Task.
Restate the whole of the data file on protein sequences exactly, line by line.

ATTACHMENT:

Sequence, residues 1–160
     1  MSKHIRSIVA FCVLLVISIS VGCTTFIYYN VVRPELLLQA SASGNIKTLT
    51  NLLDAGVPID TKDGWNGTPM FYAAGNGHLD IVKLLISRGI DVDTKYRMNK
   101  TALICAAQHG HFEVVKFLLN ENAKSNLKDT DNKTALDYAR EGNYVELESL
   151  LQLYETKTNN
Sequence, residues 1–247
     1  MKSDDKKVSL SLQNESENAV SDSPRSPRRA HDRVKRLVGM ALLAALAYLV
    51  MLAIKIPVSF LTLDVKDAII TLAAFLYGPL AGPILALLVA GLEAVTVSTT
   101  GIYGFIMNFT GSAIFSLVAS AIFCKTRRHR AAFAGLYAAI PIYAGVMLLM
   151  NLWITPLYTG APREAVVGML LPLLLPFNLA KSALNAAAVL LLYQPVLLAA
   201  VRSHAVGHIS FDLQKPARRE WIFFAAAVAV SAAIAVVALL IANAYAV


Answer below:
Sequence, residues 1–160
     1  MSKHIRSIVA FCVLLVISIS VGCTTFIYYN VVRPELLLQA SASGNIKTLT
    51  NLLDAGVPID TKDGWNGTPM FYAAGNGHLD IVKLLISRGI DVDTKYRMNK
   101  TALICAAQHG HFEVVKFLLN ENAKSNLKDT DNKTALDYAR EGNYVELESL
   151  LQLYETKTNN
Sequence, residues 1–247
     1  MKSDDKKVSL SLQNESENAV SDSPRSPRRA HDRVKRLVGM ALLAALAYLV
    51  MLAIKIPVSF LTLDVKDAII TLAAFLYGPL AGPILALLVA GLEAVTVSTT
   101  GIYGFIMNFT GSAIFSLVAS AIFCKTRRHR AAFAGLYAAI PIYAGVMLLM
   151  NLWITPLYTG APREAVVGML LPLLLPFNLA KSALNAAAVL LLYQPVLLAA
   201  VRSHAVGHIS FDLQKPARRE WIFFAAAVAV SAAIAVVALL IANAYAV